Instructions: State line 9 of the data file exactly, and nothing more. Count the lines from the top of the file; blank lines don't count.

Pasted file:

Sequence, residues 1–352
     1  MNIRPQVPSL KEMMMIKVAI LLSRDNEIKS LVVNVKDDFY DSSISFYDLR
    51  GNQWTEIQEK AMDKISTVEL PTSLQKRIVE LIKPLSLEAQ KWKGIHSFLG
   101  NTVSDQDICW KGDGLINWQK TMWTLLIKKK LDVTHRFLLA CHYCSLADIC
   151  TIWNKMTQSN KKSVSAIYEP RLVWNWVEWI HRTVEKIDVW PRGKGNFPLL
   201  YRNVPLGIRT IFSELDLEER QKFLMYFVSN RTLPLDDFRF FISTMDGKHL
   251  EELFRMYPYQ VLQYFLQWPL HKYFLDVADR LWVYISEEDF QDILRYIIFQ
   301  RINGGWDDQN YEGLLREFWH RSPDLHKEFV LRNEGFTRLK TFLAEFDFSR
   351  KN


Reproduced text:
   351  KN